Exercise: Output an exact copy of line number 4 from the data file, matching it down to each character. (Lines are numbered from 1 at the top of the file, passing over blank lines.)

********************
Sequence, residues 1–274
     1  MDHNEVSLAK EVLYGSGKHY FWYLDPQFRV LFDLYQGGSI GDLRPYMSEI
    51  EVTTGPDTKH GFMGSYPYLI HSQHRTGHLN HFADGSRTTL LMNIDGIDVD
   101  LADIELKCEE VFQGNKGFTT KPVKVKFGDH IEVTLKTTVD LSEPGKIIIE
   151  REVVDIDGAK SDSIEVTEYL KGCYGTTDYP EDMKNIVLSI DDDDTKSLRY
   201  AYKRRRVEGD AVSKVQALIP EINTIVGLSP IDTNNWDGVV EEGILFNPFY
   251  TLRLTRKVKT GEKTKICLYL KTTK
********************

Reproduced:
   101  LADIELKCEE VFQGNKGFTT KPVKVKFGDH IEVTLKTTVD LSEPGKIIIE